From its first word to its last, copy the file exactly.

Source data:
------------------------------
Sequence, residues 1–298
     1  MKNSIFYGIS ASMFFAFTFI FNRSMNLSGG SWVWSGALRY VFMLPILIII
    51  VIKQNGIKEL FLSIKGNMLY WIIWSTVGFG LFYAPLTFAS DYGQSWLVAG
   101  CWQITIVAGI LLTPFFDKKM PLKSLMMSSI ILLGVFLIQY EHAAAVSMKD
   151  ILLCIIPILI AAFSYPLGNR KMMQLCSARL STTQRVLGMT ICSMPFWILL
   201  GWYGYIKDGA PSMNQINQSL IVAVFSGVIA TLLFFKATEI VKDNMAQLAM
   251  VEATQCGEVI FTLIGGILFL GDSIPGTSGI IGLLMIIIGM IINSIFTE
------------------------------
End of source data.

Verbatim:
Sequence, residues 1–298
     1  MKNSIFYGIS ASMFFAFTFI FNRSMNLSGG SWVWSGALRY VFMLPILIII
    51  VIKQNGIKEL FLSIKGNMLY WIIWSTVGFG LFYAPLTFAS DYGQSWLVAG
   101  CWQITIVAGI LLTPFFDKKM PLKSLMMSSI ILLGVFLIQY EHAAAVSMKD
   151  ILLCIIPILI AAFSYPLGNR KMMQLCSARL STTQRVLGMT ICSMPFWILL
   201  GWYGYIKDGA PSMNQINQSL IVAVFSGVIA TLLFFKATEI VKDNMAQLAM
   251  VEATQCGEVI FTLIGGILFL GDSIPGTSGI IGLLMIIIGM IINSIFTE